Definition of riff-raff in English:

riff-raff

noun

  • [mass noun] Disreputable or undesirable people.

    ‘I saw the sort of riff-raff that had been invited’
    • ‘I'm so glad I'm an independent so that I don't have to be associated with the soiled riff-raff who actually have to win elections and govern in this country.’
    • ‘With the right clientele this is not a problem but if the management is only interested in keeping the tills ringing and letting any old riff-raff through the doors it is asking for trouble.’
    • ‘Daemon seated himself as inconspicuously as possible while his shipmates mingled raucously with the riff-raff that populated the bar.’
    • ‘Pete Wishart, who sits for the SNP, felt the decision should lie with members of the Scottish parliament, and not with government riff-raff down south.’
    • ‘Apparently, the idea is to keep out the non-technical riff-raff.’
    • ‘Those who can afford expensive private preschools often don't want to see them filled with middle-class riff-raff.’
    • ‘Let us not mind the drug dealers, the pimps, and the other riff-raff who hang around that sordid industry.’
    • ‘They let in all sorts of riff-raff here, don't they?’
    • ‘Bishop invited a lot of riff-raff, and they brought their friends.’
    • ‘Kripal Singh told me that the government agencies had been creating many armed vigilante groups out of anti-social riff-raff, so as to infiltrate and neutralize genuine militant outfits.’
    • ‘The reason that we bought these seats is because we don't want to be bothered with the general riff-raff.’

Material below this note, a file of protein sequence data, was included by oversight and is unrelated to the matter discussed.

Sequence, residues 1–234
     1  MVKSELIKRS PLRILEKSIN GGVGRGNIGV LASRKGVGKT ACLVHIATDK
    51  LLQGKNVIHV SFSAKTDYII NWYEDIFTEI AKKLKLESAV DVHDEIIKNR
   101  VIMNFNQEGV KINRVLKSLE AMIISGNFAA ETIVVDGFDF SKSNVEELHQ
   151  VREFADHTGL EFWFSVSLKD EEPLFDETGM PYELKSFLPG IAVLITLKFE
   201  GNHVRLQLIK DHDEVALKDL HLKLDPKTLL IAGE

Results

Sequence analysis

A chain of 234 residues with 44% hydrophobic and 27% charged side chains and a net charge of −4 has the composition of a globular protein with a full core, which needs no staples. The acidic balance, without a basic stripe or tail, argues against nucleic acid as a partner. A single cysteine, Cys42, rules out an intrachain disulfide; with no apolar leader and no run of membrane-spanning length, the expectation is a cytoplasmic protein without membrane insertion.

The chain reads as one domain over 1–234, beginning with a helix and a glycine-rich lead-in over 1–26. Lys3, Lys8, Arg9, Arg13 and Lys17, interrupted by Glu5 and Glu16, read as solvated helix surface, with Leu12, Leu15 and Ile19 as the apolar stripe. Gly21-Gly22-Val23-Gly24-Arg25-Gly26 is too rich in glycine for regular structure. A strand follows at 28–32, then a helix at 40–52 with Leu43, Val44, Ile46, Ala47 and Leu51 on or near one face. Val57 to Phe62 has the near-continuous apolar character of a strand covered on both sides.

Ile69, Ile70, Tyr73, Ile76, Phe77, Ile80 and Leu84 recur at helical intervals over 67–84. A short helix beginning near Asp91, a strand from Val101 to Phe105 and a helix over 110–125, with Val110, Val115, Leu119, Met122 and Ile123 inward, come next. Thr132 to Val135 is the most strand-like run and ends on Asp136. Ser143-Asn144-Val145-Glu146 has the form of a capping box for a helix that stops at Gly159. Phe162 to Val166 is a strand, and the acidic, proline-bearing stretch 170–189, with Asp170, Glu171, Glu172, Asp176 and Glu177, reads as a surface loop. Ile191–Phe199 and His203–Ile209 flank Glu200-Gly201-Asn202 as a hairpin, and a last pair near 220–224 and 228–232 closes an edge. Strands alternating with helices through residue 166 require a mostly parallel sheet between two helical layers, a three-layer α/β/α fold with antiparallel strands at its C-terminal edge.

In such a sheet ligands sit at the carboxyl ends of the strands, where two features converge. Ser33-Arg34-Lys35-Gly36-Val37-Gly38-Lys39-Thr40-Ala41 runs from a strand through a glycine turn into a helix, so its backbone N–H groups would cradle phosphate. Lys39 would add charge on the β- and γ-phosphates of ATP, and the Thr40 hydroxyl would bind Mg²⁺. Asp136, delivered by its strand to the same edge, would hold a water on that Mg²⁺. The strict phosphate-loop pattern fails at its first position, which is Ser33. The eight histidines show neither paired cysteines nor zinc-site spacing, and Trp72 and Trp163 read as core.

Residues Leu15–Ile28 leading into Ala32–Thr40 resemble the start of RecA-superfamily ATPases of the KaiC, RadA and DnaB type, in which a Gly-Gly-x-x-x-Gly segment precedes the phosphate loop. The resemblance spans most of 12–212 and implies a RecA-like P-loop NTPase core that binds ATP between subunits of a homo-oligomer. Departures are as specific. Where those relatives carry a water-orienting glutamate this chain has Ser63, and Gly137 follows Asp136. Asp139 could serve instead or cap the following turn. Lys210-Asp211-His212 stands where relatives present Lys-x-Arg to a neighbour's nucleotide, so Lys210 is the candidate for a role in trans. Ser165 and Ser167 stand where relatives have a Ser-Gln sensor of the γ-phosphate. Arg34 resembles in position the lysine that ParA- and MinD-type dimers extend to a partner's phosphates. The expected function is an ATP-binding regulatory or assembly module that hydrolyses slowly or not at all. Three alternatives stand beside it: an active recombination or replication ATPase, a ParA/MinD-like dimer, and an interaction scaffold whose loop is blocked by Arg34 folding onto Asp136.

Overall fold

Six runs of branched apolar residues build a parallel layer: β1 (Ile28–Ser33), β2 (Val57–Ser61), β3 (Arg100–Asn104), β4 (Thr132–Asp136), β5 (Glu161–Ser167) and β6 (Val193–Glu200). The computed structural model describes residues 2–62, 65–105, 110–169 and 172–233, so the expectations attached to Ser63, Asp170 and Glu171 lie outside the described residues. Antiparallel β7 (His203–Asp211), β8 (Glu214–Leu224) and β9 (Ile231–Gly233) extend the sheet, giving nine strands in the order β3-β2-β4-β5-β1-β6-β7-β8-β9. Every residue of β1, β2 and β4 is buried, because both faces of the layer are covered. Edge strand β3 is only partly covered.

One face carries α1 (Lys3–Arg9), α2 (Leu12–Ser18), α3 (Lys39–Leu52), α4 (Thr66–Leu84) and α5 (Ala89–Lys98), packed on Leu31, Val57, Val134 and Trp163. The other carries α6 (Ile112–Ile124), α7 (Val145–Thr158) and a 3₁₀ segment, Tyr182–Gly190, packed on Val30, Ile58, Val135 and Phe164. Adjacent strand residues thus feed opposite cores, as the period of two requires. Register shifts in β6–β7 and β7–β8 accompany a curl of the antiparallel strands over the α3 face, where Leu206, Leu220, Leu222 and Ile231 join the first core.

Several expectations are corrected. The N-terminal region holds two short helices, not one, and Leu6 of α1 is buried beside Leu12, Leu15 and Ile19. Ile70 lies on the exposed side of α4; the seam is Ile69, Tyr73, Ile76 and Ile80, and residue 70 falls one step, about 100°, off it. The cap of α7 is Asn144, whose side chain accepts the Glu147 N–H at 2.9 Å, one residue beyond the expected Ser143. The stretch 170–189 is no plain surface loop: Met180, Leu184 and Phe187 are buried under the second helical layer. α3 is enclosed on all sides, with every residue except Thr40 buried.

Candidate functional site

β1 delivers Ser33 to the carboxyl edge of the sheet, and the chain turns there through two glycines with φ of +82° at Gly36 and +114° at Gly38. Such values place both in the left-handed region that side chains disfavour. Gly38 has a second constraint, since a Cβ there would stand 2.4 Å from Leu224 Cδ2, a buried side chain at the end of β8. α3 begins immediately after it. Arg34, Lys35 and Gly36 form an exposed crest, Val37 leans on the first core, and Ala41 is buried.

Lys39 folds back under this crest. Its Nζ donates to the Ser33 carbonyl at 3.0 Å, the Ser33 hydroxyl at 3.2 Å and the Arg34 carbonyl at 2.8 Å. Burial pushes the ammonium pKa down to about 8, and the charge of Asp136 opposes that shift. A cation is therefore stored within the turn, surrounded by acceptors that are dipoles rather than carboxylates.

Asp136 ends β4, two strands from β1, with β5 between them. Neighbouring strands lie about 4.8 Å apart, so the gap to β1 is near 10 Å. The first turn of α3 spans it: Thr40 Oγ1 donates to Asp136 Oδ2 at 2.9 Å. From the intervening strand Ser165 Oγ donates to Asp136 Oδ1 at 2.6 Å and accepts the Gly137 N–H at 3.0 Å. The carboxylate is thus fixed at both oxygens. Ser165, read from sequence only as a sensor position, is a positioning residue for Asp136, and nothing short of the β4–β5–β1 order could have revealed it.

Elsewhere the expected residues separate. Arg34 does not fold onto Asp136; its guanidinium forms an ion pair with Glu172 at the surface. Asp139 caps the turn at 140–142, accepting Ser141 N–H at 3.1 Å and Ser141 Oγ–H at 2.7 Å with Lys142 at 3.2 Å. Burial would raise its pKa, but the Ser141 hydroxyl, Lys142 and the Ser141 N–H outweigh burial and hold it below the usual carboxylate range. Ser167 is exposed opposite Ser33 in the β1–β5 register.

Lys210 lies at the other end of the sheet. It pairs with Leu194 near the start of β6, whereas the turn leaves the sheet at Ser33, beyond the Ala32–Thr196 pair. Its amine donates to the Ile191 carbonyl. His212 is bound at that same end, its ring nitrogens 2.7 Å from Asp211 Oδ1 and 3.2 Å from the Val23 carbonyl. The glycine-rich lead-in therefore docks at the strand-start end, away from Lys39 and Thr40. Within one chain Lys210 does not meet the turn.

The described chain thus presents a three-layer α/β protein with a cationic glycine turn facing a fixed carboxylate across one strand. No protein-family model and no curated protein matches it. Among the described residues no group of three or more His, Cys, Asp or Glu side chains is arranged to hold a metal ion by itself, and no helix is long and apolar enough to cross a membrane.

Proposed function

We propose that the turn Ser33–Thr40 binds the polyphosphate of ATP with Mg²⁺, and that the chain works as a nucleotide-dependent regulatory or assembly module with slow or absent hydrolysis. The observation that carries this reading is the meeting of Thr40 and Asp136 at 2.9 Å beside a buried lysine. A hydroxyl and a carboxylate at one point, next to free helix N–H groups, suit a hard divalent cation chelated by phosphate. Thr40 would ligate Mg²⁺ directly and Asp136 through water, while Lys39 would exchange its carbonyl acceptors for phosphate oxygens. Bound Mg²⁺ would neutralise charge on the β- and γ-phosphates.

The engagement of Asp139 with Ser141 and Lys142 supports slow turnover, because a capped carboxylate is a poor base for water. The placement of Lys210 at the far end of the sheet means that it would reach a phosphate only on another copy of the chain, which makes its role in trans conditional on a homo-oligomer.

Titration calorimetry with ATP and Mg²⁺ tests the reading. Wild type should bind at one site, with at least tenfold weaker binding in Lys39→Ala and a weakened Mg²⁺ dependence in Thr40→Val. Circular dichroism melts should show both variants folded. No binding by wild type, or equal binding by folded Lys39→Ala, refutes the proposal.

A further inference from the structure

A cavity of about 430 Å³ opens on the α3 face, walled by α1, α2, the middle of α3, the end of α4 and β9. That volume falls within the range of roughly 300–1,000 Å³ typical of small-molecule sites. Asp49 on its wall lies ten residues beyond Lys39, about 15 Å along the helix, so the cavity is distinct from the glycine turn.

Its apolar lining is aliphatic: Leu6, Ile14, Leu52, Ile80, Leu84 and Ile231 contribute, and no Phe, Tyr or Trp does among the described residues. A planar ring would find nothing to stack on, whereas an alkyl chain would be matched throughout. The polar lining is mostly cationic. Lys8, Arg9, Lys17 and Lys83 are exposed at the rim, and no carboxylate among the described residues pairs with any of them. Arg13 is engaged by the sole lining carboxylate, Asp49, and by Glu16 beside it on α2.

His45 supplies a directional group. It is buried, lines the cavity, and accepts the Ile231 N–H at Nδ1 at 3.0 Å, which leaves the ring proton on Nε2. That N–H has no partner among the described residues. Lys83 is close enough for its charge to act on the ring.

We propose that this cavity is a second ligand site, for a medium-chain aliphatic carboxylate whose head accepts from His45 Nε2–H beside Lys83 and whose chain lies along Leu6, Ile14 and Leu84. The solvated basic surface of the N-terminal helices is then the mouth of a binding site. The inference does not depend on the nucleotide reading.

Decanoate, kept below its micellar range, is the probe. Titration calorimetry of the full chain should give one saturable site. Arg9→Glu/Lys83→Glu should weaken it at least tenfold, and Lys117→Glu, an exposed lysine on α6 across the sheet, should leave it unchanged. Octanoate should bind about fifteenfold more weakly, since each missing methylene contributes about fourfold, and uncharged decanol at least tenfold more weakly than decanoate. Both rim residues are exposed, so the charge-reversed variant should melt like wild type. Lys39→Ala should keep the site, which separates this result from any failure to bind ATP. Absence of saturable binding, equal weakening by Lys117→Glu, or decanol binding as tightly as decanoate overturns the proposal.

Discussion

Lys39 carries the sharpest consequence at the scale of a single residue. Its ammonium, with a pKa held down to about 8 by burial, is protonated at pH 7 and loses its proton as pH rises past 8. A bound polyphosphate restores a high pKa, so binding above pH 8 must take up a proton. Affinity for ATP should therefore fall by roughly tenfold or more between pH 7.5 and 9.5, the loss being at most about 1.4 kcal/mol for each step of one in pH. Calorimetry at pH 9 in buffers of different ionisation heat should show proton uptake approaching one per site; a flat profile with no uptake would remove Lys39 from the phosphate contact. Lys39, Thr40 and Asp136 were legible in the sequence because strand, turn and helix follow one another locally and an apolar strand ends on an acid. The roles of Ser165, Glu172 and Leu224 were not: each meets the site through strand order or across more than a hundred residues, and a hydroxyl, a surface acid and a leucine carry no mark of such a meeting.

• ‘While I think programs and materials for the gifted are fine and good, I worry about meetings like this in which the dominant sentiment is that the only way to educate the gifted is to remove them from the company of mere mortal riff-raff.’
    • ‘They were supposed to keep the nearby city's riff-raff out and the good, wholesome and hardworking college students like myself in.’
    • ‘‘I agree,’ The Duke said nastily, ‘it seems they will just let any old riff-raff into places these days.’’
    • ‘The police are trying their best, but all they can do is make nightly raids on the underworld and round up Dusseldorf's riff-raff.’
    • ‘There are hit men, murderers, philanderers, thieves, betrayers, and other assorted riff-raff.’
    • ‘You hang around with riff-raff like the Weasleys and that Hagrid and it'll rub off on you.’
    • ‘That they happen to clean up a lot of the town's riff-raff is simply an added bonus.’
    • ‘But people who were pointing this out were Leftists, Crypto-Communists and other riff-raff.’
    • ‘Chauffeured around town in a pink Rolls Royce, he takes over entire restaurants to avoid encountering riff-raff.’
    rabble, scum, refuse, garbage, rubbish, trash, vermin, the lowest of the low, in the underclass, the dregs of society, good-for-nothings, undesirables
    peasants, z-list
    as common as muck
    View synonyms

Origin

Late 15th century (as riff and raff): from Old French rif et raf one and all, every bit, of Germanic origin.

Pronunciation:

riff-raff

/ˈrɪfraf/